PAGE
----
After a couple of waterfalls the levada vanishes beneath the ground for a while. We have to struggle through dead bushes, trying to keep the direction. At first we succeed but later landslides make matters more difficult. Without the GPS we would be lost but with it we finally find the levada again, which has reappeared on the slopes beneath Pico do Arieiro. We head up and finally reach Poco do Neve, an igloo like building which was used in former times to store ice. There is a good view here and we decide to have our lunch.
Instead of hiking the road to Pico do Arieiro (which we visited on our first day already) we decide to Casa do Arieiro, an old lookout, where we gain a good view of Arieiro itself as well as down to the north coast. Clouds are starting to build, however, and we quickly head on and downwards. Next stop is Casa do Burro, obviously used for picnics and barbecues, after which, however, we get lost. We finally end up on the road through the ecological park and since the fog is now thickening we decide to follow it instead of searching for a trail we can’t see. It gets very cold and again we are happy to be back at our car.
Jan 2nd: Levada do Norte
Low clouds are hanging above the mountains so we againhead for the south. At Judith’s suggestion we hike along Levada do Norte from Cabo Girao to Estreito de Camara dos Lobos. The hike turns out to be so ugly (heading through the backsides of villages with the levada running underground) that we decide to turn around after 2km. We see a lot of beautiful flowers in the end but this attempt was not worthwhile.
I propose to drive to Boa Morte to hike the same levada to the north, right above the Ribeira Brava Basin. We have done so before, in 2003, and there was extreme exposure. The clouds have retreated far enough for us to attempt this route. It is cold and we hurry through the shade, not feeling too well. A handful of villages are clustered precariously above the abyss. There is a levada cave and finally we get to the Espigao Tunnel which runs directly underneath the like-named village. After the tunnel we have to realize, however, that the most impressive section has fallen victim to a landslide and thus we turn around again.
Jan 3rd: Ponta do Sao Lourenco
Today is travel day but since the plane is only due at 16:00 we still have a morning to spend hiking. We decide for Ponta do Sao Lourenco, the peninsula in the far east of Madeira. It is a Parque Natural and we remember it as being quite impressive even despite the low elevations. Moreover, the peninsula is close to where we live so that we won’t waste much time driving.
We are the first ones at the trailhead, a cul de sac, and quickly head out, first descending by a staircase then ascending steeply the slopes on the other side. The sun rises above clouds and right above Pico Furado shining through the rock window at the base of Madeira’s easternmost mountain. At the isthmus of Pedra Furada, we gain a good view of the north coast of the island, then head on. Looking back better and better views develop, sometimes showing both sides of Madeira. Down below huge waves break into wild bays.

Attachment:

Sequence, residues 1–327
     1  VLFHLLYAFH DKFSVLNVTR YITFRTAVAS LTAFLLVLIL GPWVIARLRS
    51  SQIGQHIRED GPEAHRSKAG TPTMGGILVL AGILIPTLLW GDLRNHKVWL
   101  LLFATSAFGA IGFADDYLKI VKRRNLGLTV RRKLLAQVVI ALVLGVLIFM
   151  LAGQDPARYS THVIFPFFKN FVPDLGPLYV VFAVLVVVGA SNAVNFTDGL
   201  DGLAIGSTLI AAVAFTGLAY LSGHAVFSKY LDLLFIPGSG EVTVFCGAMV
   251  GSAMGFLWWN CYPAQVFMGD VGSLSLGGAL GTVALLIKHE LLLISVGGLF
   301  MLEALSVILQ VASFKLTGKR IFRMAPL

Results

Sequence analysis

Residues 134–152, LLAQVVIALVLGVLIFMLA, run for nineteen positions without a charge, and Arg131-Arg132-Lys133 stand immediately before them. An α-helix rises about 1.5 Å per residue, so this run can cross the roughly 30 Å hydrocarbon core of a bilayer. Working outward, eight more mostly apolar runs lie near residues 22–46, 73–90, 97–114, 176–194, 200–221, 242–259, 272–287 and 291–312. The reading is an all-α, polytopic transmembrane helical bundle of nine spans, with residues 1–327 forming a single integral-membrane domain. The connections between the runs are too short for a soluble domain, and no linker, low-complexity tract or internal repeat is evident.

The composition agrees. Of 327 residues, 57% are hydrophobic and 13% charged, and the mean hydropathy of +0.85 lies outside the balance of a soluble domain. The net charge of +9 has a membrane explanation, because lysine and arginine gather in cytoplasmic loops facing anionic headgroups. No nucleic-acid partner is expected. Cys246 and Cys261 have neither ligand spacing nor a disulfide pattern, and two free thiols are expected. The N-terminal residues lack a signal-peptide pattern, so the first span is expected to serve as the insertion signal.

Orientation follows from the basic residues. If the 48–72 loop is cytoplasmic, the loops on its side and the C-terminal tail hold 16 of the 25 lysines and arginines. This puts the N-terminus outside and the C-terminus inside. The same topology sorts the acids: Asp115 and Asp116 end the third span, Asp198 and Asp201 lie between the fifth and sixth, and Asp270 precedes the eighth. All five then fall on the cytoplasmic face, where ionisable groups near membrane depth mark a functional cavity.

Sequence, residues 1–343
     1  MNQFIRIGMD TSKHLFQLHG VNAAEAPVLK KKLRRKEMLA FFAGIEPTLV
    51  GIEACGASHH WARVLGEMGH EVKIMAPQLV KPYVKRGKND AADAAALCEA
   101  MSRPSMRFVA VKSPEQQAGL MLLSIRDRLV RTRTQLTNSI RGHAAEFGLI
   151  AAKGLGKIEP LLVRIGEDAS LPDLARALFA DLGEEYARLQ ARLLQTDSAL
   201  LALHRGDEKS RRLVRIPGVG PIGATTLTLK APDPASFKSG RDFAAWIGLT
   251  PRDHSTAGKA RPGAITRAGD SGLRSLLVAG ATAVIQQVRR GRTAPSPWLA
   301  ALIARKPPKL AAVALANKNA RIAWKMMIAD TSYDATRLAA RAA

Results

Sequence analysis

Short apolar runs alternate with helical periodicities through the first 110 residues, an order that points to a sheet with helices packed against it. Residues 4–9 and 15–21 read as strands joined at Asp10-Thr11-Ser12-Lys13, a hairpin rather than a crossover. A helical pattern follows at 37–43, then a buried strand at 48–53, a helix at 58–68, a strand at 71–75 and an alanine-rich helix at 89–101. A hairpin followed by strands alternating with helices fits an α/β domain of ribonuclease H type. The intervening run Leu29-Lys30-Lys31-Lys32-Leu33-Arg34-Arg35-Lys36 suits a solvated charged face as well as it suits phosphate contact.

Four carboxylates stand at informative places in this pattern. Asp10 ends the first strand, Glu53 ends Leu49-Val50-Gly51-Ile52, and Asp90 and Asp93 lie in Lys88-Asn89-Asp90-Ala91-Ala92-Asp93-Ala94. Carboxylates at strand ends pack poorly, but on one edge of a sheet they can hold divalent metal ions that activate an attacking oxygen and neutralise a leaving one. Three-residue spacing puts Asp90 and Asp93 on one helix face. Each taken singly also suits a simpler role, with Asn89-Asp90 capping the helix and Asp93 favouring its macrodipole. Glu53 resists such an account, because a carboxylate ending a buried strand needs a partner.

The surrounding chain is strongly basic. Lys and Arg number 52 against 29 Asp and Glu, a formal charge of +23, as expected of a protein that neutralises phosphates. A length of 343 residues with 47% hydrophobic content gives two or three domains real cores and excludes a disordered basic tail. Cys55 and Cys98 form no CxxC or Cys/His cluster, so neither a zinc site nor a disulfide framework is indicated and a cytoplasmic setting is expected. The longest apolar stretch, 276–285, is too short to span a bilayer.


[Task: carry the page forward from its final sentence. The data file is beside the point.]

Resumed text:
Now we reach the narrowest part of the peninsula, only several metres across and protected by thin railings. We hike across, taking in the vertical cliffs in the bay to the north. Now two paths descend to Casa do Sardinha, the park headquarters, one to the south (which we follow) and one to the north (by which we plan to return). We get to sea level catching a glimpse back across Baia d’Abra before starting the surprisingly steep ascent to Pico Furado. From up there we can see the whole archipelago, Madeira, Porto Santo to the north and the Ilhas Deseartas to the south-east.
A first hiker meets us on top but when we return via the north loop we realize he is southbound. But once we are back near the isthmus, a whole busload of people comes at us. All are Swiss and it sounds strange to be greeted with “Grützi” on this tropical island. After they have passed more hikers and a couple of runners pass as well and once back at the trailhead we meet real crowds. But there’s no time to complain and we return to our house, take a shower and head out to the airport.
EpilogueMadeira still is a wonderful and beautiful island but I have to admit that the natural disasters of the last years have clearly taken their toll. Many of the levadas are empty – landslides and lack of money to maintain them the most probable reasons – and the forest fires left huge areas devastated. Nature is virile on the island, though, and the scars will more or less quickly heal.
Another problem is the Euro crisis, which struck Portugal particularly hard. For instance, the largest supermarket chain folded over the crisis and what were once were the best supermarkets on the island turned out to be almost empty. My assumption is that they stopped operation on Dec 31st. Smaller shops, located within the same buildings have now lost their clientele and will soon close as well. Given the many men idling in or around the many bars of the island, joblessness must be rampant as well.
We can only hope that economy and nature will be back to normal soon to make Ilha de Madeira what it used to be: one of the most beautiful islands on earth.